Isadora’s Children screens Thursday, 10/24 at 5:45pm, and Sunday, 10/27 at 12:15pm. 

Just Mercy

The new film from Short Term 12 director Destin Daniel Cretton, Just Mercy tells the true-life story of young lawyer Bryan Stevenson (Michael B. Jordan, also a producer) who graduates from Harvard Law and immediately moves to Alabama, seeking justice in a state where black men are rarely treated as equals in the eyes of the law and no one on death row has ever been released from prison. But when Stevenson hears the story of death-row inmate Walter McMillian (Jamie Foxx), a man who is clearly innocent, he digs in and fights for his release—first using legal means, which don’t stand a chance in Alabama, and then using slightly more clever means, like getting his client profiled on “60 Minutes.” Cretton elevates both the jailhouse scenes and the legal wrangling to expose a racist, corrupt and unfeeling judicial system, from the police to the courts, and Jamie Foxx’s performance is astonishing as a man who has given up on hope and holds out for a while, not allowing many to enter his life when Stevenson comes along. The impressive cast includes Brie Larson as Stevenson’s invaluable legal secretary, as well as O’Shea Jackson Jr., Tim Blake Nelson, Karan Kendrick, and an unrecognizable Rafe Spall as the DA who is new enough to seem compassionate but veteran enough to know how things are expected to happen in Alabama. (Steve Prokopy)

Just Mercy screens on Monday, 10/21 at 8:15pm. Director of photography Brett Pawlak, and actors Karan Kendrick and Tim Blake Nelson are scheduled to attend. 


Making its North American premiere at the festival (it enjoyed a world premiere in the UK earlier this year), Kristof Bilsen's moving documentary looks at a very particular set of life circumstances that revolves around the huge impact an Alzheimer's diagnosis has on an individual, their family and the people enlisted to care for them. Pomm is a caretaker at a residential facility in Thailand that caters to Westerners in need of round-the-clock attention as they deteriorate due to the disease; she leaves her three children with their father or extended family in a rural part of the country so that she can live and work at the center. The film never delves into the "why" of this type of arrangement, sending an aging loved one to another continent in the final years of their life (though one imagines it has to do with cost), and that's too bad. There's certainly something worth exploring in just what's happening in a society when it can't support its vulnerable elderly. But I digress... The central question in Mother is just that, the relationship of the women to each other, their children, and their own definition of being a good parent and different phases in their lives. When Maya, a fairly young patient, relatively speaking, arrives at the facility, we learn a lot about both the family's choice to send her to Thailand and Pomm's path to earning her trust via candid voiceovers from one of Maya's grown daughters and Pomm herself. And as we get to know Pomm and her kids better, the film truly shines in its exploration of the universal complexity of the parent/child relationship. (Lisa Trifone) Mother screens on Monday, 10/21 at 8:30pm and Tuesday, 10/22 at 3:15pm. Director Kristof Bilsen is scheduled to attend both screenings. Once Upon a River Image courtesy of Chicago International Film Festival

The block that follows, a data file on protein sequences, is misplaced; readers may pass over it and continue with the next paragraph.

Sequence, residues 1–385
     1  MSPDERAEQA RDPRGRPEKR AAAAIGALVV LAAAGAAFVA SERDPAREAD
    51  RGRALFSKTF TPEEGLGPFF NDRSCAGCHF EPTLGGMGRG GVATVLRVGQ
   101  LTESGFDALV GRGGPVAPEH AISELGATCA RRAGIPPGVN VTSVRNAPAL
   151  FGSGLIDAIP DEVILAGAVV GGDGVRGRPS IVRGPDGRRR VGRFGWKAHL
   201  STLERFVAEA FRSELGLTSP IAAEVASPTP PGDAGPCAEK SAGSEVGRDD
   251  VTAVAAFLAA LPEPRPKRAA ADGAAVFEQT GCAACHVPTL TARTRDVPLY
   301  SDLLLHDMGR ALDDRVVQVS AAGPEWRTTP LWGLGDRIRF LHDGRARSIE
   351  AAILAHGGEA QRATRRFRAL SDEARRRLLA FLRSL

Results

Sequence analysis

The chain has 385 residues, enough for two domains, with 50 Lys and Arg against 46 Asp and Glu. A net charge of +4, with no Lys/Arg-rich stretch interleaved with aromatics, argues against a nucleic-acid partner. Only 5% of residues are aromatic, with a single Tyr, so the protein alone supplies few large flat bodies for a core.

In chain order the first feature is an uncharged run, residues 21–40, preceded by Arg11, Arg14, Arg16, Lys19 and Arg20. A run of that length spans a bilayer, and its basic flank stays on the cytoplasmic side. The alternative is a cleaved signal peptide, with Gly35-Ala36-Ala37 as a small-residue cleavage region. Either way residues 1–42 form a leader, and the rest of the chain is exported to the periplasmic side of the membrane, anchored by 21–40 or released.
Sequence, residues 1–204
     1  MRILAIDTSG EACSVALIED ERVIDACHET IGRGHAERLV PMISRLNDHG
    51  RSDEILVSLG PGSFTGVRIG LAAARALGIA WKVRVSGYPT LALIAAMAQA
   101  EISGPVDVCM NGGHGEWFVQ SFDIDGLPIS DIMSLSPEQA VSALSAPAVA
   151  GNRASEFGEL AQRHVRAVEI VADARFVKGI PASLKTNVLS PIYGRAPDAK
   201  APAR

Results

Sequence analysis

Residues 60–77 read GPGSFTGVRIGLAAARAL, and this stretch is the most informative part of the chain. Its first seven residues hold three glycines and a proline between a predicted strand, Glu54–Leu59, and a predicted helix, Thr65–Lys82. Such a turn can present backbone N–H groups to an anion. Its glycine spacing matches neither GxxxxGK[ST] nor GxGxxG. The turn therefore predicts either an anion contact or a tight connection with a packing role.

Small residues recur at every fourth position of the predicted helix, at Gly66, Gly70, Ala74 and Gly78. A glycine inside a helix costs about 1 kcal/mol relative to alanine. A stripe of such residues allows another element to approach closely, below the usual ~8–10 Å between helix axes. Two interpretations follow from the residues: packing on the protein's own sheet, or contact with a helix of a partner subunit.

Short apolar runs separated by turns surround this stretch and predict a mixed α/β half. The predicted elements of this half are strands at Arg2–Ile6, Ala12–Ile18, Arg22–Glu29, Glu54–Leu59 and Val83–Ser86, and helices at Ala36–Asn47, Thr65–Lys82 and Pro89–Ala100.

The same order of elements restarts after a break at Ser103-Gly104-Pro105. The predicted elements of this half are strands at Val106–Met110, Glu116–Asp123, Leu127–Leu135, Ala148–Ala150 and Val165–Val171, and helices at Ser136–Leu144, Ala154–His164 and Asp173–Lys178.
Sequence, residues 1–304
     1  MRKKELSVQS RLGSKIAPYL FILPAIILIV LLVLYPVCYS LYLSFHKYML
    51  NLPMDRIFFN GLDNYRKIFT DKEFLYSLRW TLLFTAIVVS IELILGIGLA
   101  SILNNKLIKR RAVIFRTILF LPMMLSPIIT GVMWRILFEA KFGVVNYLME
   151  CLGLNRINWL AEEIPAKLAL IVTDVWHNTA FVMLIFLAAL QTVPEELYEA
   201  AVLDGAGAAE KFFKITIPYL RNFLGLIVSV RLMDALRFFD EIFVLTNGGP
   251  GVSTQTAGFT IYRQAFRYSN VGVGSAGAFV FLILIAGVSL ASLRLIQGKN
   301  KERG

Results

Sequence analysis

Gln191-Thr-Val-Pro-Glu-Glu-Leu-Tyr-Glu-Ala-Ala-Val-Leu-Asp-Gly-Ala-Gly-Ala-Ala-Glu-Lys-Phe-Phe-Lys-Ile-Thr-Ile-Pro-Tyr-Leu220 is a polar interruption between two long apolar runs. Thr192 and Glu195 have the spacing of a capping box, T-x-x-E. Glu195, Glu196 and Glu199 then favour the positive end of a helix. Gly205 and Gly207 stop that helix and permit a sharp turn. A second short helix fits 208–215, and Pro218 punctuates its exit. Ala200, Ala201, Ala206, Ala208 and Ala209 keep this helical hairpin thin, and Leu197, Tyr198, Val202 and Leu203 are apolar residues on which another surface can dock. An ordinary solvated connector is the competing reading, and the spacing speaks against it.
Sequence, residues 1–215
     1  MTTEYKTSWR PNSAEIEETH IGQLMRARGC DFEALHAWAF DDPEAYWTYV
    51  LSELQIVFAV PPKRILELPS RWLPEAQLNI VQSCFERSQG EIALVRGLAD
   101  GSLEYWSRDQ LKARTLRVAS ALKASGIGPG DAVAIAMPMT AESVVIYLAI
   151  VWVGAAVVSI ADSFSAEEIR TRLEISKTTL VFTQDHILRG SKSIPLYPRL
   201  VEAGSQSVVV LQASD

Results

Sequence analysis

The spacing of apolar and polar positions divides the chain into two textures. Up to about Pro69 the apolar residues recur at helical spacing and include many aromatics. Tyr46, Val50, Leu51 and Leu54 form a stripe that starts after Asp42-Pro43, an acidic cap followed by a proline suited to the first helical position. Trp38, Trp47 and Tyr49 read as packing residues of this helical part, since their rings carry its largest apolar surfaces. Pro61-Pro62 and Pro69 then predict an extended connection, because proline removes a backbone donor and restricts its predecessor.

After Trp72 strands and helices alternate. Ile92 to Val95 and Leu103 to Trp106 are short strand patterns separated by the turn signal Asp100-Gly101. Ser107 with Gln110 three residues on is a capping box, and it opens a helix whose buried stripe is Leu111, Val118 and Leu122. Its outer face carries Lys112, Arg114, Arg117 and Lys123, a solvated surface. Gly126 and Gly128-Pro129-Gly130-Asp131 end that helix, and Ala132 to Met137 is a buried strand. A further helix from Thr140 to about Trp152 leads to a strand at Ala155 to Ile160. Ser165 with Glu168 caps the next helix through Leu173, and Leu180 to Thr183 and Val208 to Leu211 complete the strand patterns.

Once Upon a River

Chicago singer/songwriter Haroula Rose’s debut feature, Once Upon a River adapts Bonnie Jo Campbell’s novel about Margo, a 16 year old Native American girl living in Michigan in the late 1970s. Margo (Kenadi DelaCerna) and her father are outsiders in their small community, seen as the enemy by their mostly white neighbors—but they get along fine together; they hunt, and fish, and try to move on after Margo’s mother ditched town, only occasionally sending letters. But after Margo’s father is shot to death by a young local, she sets out by boat, tracing her mother’s whereabouts and running from police suspicion.